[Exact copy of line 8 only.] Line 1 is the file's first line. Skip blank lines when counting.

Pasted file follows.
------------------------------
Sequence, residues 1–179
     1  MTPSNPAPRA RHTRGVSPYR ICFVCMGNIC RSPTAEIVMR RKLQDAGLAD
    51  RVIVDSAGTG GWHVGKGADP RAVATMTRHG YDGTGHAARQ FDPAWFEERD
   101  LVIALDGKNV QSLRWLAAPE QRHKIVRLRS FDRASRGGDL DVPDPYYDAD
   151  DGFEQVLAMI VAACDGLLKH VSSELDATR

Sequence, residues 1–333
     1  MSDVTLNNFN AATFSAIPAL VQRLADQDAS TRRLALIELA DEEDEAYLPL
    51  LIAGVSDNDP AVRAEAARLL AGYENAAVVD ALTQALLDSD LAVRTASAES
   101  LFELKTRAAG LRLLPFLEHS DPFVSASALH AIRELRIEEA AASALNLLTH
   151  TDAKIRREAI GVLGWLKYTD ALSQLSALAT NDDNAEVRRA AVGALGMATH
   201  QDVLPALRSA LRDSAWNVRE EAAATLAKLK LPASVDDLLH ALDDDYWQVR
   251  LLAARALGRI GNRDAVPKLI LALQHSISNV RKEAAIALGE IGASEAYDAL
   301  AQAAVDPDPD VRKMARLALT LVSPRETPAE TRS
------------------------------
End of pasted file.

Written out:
    51  LIAGVSDNDP AVRAEAARLL AGYENAAVVD ALTQALLDSD LAVRTASAES